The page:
Mr. Speaker, Canada is one of the great trading nations of the world. That is why I appreciate this opportunity to speak today to the Canada-Colombia free trade agreement.
As my colleagues on this side of the House have repeatedly stated, this agreement is of critical importance to Canadian workers, businesses and investors as Canada emerges from the global recession. It will open up new doors and windows of opportunities at a time when Canadians need them the most. At the same time, this agreement is also a critical piece in helping Colombia establish lasting peace and prosperity for its citizens.
Let me begin by recognizing the significant progress that Colombia has made in recent years to overcome its troubled past.
Decades of internal conflict, much of it related to the international drug trade, have challenged Colombia's security and human rights record. While human rights and security challenges remain, the Colombian government has made substantial strides in recent years to overcome these challenges.
I want to say upfront that Canada supports Colombia's efforts to meet these challenges. Protection and promotion of human rights and the rule of law here at home and around the world are at the core of Canada's engagement with Colombia. Indeed, our government has made human rights a priority. Our government's vigilant stand against those who threaten the most basic of human rights has been recognized around the world in all our engagements.
The free trade agreement with Colombia, together with its parallel agreements on labour co-operation and the environment, is but one of several initiatives that support Colombia's efforts toward greater peace, security, prosperity and full respect for human rights. We can and should be proud of this record. Our government believes that engagement, rather than isolation, is the best way of supporting change in Colombia.
Lest there be any doubt, I want to emphasize that in recent years personal security in Colombia has improved. The engagement of the global community and international organizations has significantly improved the personal security conditions of the vast majority of Colombians.
Let me give an example. A couple of years ago, a Colombian citizen visited me in my office and we discussed some matters that were totally unrelated to this debate. However, before she left, I could not pass up the opportunity to ask her what things were really like in Colombia. I asked her to please be honest and tell us what the situation was like in that country. She said told me that over the last 10 years, its security had improved markedly. In fact, she said that her family, her neighbourhood and friends felt much more secure today than they did 10 years ago. This was an average Colombian citizen telling the truth about the situation in Colombia.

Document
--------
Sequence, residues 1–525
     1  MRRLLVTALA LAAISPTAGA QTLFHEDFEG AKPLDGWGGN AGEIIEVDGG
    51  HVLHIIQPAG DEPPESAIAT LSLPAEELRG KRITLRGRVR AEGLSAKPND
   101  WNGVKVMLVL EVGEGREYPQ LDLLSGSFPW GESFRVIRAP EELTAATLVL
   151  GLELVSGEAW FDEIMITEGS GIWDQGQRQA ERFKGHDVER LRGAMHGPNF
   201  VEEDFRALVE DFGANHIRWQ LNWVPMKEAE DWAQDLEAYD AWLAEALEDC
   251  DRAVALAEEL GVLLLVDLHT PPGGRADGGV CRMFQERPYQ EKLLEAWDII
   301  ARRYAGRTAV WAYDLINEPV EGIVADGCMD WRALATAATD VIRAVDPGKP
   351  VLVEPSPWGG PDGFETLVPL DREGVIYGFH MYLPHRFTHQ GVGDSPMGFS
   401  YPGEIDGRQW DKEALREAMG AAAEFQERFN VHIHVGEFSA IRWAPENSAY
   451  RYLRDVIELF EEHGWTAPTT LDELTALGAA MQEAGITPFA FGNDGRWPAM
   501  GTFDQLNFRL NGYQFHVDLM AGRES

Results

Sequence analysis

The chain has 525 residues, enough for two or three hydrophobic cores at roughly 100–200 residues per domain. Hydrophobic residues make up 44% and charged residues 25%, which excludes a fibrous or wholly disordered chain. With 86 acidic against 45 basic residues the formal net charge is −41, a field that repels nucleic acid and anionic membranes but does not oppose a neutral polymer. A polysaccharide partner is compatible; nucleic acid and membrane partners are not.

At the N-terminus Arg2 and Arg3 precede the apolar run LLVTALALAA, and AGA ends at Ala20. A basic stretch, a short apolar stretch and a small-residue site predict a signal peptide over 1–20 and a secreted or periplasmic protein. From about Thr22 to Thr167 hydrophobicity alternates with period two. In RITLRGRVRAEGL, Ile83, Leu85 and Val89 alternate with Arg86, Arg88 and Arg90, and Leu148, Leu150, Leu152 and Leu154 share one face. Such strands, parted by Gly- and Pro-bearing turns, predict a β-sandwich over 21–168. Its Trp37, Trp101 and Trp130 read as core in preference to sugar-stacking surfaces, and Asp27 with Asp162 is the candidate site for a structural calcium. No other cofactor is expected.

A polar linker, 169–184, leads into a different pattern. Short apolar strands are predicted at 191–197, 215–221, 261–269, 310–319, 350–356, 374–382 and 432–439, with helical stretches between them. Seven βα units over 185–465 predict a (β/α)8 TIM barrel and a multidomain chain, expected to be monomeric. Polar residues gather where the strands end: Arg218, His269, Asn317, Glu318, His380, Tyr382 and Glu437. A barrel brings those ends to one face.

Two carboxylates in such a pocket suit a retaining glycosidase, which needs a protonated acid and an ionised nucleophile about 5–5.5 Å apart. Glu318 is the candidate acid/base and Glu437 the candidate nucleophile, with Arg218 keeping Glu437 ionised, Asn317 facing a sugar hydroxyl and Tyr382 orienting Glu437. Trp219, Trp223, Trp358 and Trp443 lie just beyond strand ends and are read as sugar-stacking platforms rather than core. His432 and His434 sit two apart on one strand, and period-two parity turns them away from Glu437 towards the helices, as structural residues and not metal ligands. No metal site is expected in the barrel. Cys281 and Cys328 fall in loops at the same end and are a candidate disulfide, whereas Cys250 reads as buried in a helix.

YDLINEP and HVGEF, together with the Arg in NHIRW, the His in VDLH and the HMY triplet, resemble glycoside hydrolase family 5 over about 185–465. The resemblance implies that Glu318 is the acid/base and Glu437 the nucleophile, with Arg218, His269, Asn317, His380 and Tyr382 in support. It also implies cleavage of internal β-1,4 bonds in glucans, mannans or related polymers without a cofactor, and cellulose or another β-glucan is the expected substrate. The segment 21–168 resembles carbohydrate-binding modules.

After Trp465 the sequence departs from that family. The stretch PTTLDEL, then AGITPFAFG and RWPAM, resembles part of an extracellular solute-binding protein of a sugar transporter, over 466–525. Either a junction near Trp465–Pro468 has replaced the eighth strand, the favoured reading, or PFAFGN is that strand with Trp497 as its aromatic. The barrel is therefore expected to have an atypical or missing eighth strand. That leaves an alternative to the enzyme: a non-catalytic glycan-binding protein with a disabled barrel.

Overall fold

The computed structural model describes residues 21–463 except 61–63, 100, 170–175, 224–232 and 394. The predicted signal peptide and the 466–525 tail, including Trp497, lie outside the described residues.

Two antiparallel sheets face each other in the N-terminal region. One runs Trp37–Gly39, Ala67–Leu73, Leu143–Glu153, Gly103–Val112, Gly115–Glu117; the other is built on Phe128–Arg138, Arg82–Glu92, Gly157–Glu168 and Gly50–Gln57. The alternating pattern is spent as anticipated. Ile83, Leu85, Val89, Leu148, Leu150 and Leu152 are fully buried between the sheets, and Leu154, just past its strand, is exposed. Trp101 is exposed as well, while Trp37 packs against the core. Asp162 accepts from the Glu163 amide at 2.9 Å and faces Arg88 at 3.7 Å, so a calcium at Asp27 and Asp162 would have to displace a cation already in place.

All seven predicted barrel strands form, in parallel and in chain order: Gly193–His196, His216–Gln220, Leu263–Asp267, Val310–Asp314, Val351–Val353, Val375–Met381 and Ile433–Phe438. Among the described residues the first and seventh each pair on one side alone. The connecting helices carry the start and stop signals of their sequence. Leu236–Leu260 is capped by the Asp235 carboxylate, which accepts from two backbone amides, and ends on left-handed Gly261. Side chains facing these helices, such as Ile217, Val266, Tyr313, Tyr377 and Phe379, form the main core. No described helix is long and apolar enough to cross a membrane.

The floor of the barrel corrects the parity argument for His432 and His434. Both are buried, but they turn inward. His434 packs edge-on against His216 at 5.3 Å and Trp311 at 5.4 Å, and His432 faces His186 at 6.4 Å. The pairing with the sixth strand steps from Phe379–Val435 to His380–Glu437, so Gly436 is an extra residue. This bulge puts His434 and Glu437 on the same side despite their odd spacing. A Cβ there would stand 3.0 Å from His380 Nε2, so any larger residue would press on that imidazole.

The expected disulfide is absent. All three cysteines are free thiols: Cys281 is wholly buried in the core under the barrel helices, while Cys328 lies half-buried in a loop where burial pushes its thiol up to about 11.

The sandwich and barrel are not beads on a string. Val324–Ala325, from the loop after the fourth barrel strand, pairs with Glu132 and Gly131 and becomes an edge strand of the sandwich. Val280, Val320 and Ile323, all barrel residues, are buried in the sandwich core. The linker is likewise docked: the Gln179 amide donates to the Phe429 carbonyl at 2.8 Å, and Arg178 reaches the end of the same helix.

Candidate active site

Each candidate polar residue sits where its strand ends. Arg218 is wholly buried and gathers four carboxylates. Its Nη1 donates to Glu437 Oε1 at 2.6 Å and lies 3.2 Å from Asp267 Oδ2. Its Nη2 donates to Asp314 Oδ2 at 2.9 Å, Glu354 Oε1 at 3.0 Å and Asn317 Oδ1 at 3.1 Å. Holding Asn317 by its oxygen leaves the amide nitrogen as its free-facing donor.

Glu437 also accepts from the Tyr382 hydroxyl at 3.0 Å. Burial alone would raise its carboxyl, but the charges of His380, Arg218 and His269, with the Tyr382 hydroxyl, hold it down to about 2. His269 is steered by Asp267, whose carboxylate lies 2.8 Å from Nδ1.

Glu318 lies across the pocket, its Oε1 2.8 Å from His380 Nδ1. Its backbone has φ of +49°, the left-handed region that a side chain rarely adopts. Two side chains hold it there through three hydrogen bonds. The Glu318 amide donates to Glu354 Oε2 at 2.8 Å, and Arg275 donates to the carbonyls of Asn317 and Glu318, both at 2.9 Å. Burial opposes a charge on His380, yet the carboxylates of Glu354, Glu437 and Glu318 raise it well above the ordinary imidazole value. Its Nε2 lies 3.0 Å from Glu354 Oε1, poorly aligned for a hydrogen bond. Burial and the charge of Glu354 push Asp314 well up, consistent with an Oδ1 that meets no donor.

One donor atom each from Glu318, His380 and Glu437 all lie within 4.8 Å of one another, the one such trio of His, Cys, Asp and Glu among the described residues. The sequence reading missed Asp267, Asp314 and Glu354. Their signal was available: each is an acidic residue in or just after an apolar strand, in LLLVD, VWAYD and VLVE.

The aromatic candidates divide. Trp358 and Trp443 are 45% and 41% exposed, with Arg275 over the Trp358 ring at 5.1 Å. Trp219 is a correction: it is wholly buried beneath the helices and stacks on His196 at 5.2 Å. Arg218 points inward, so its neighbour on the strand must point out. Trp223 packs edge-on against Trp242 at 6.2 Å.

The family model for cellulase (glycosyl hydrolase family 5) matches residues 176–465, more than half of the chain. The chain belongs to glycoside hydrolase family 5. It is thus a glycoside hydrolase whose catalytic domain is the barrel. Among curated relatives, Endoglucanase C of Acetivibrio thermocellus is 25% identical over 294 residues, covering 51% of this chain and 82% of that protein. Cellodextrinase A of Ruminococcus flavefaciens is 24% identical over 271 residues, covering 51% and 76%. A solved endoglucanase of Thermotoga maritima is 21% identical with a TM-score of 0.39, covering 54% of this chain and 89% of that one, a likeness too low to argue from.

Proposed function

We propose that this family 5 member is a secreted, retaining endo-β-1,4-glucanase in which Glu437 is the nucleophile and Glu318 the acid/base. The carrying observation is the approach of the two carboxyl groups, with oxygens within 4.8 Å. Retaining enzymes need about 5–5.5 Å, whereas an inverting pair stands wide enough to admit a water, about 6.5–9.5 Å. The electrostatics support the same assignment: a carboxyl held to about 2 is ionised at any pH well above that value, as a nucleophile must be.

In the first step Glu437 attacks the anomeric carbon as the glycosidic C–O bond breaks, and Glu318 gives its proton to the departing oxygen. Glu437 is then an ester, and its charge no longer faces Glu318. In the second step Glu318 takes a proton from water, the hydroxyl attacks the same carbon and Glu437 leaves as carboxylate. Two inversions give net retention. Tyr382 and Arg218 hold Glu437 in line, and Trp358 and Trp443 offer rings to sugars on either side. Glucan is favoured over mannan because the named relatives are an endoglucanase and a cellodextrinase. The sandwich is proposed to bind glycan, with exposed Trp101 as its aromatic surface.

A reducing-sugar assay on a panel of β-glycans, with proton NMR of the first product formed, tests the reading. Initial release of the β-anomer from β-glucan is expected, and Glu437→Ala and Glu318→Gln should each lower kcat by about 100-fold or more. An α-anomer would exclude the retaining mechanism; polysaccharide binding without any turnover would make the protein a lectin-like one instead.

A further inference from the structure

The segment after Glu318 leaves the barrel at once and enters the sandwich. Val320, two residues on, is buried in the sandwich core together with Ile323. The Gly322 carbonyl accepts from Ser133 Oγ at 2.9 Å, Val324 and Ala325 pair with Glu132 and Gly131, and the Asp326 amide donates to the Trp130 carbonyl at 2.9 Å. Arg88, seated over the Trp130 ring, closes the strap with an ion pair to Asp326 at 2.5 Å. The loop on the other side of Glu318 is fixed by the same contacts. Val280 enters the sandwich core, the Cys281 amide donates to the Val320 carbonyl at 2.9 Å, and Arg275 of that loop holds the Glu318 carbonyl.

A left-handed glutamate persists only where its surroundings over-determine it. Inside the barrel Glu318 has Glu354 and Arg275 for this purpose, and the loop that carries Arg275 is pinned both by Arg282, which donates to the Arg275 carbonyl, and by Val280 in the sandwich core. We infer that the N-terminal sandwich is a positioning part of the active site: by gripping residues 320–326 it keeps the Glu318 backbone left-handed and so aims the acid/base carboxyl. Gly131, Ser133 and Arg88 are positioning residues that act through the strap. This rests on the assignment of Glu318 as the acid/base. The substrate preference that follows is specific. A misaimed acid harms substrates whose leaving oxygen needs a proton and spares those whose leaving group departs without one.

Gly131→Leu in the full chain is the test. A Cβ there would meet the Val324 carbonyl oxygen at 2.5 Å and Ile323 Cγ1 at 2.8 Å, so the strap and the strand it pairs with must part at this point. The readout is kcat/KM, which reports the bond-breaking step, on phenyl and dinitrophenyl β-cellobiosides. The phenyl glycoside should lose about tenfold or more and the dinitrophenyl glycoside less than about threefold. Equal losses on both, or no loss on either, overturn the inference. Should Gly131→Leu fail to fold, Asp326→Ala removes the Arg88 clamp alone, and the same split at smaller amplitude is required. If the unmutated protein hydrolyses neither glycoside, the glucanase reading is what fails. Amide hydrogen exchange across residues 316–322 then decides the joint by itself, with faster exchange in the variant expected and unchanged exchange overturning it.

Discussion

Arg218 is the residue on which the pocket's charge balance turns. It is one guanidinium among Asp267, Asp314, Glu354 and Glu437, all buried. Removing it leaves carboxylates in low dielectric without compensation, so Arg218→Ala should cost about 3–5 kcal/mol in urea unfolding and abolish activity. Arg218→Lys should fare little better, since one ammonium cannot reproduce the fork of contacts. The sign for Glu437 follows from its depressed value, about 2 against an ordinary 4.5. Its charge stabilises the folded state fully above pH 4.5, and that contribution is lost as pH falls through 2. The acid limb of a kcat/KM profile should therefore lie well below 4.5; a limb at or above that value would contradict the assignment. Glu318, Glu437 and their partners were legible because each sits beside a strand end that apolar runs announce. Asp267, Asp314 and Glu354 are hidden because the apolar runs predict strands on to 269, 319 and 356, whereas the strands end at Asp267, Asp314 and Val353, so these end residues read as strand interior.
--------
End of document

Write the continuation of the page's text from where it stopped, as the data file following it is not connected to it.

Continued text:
While there remains much to be improved in Colombia, its government has made considerable progress in its fight against the drug cartels and against paramilitary and rebel groups. In fact, we would be remiss if we did not take notice of the efforts that have led to the formal demobilization of over 30,000 paramilitaries and the weakening of the two primary guerrilla groups in that country. These are key developments in Colombia's efforts to break the cycle of violence.
Colombia also has a justice and peace law that provides the legal framework for truth, justice and reparations. Is the human rights situation in Colombia perfect? Of course not. What is important, however, is that we measure the significant progress that Colombia has made over the last 10 years. What is clear is that, more and more, Colombia is developing a measurable respect for the rule of law, a value that Canadians hold very dear. What we also should not forget is that Colombia is one of the oldest democracies in Latin America.
With the support of the international community, the Colombian government authorities and related civil institutions have undertaken a series of actions that are contributing to increased peace, security and prosperity in that country. It is vital for Canada and other free and democratic countries to pursue policies of engagement and support for peace in that country.